“Why does Changez feel out of place in both America and Pakistan?”
Mohsin Hamid’s first-person novel “The Reluctant Fundamentalist” details the fictional story of a young Pakistani man is chasing corporate success on Wall Street, and suddenly finds himself embroiled in a conflict between his American dream and the unrelenting tug of his ties to his homeland. After being inducted into the corporate world of America when beginning work at Underwood Sampson, the novels protagonist, Changez becomes disenchanted with, or unable to identify with Pakistan, whereas after the event of 9/11, Changez slowly became more critical of America and its actions and treatment of him and other Muslims, eventually causing him to develop a strong allegiance with his fellow Muslims in Pakistan and its neighbouring countries; Changez feels a sense of displacement in both America and Pakistan, as a result of America’s changing perception of him before and after 9/11.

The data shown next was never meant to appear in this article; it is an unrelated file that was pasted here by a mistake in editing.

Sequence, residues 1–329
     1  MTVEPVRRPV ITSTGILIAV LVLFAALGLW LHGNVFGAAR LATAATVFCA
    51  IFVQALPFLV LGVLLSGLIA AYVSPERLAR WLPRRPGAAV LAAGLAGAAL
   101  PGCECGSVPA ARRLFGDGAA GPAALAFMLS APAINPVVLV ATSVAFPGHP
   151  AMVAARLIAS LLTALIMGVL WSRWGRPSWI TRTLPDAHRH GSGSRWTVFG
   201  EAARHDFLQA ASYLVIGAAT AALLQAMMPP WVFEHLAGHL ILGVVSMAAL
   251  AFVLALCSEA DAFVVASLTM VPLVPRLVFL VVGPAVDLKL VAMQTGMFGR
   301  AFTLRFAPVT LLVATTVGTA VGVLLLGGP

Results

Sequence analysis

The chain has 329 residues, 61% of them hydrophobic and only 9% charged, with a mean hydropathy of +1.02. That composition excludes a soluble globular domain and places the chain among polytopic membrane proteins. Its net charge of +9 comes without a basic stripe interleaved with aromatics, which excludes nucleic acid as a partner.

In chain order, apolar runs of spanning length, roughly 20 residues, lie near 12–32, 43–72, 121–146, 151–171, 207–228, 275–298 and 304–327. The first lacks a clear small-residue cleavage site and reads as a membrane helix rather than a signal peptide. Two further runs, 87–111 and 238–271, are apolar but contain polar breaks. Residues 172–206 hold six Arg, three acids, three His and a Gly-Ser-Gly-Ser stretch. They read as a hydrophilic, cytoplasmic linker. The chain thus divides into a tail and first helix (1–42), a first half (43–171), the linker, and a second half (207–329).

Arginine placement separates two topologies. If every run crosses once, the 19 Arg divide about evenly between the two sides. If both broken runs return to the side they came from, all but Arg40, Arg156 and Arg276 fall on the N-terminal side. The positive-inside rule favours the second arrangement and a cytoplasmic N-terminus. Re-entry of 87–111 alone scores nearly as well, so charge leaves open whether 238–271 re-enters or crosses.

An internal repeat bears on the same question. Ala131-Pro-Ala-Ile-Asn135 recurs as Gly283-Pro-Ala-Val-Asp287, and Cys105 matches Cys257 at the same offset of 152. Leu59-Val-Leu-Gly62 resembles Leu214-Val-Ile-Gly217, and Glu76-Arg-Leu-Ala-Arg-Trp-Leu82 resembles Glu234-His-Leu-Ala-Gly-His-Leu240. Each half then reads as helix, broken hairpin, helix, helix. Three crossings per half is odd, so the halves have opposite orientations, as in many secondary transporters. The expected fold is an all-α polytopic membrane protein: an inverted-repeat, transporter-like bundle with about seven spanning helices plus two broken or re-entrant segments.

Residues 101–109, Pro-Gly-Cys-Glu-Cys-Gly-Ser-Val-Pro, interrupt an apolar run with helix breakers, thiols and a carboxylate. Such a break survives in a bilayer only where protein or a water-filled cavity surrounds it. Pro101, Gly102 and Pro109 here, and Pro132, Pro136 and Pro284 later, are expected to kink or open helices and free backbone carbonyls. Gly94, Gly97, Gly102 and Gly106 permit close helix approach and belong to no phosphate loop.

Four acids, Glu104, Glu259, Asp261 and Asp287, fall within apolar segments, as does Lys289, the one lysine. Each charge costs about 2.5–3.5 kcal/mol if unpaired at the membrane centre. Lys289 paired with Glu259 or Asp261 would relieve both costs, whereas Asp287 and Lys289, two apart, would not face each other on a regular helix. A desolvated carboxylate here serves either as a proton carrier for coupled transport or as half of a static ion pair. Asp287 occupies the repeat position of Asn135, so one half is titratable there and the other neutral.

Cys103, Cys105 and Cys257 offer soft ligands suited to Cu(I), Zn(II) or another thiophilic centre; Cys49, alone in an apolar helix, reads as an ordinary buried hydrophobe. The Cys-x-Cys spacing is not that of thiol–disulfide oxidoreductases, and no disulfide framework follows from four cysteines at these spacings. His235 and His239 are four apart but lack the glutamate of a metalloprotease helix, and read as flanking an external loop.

Around the beginning of the novel as he divulges his story to the American, Changez describes how Manhattan seemed to embrace him; in chapter 3 Changez’s nostalgic recollections of his initial impressions of New York indicate that he felt very much the opposite of out of place: “For me, moving to New York felt –so unexpectedly-like coming home.” (page 36). “…I was immediately a New Yorker.”(page 37). However his comments did include comparisons between Pakistan and New York, and he tells the American that such comparisons troubled him as to be reminded of “this vast disparity, was, for me, to be ashamed”. This vast difference in the technological and industrial development between America and Pakistan had at this point begun to prompt Changez’s inadvertent disengagement from Pakistan, as he then went on to state: “On that day, I did not think of myself as a Pakistani, but as an Underwood Samson trainee, and my firm’s impressive offices made me proud”(page 38). As Changez’s time at Underwood Sampson and in New...
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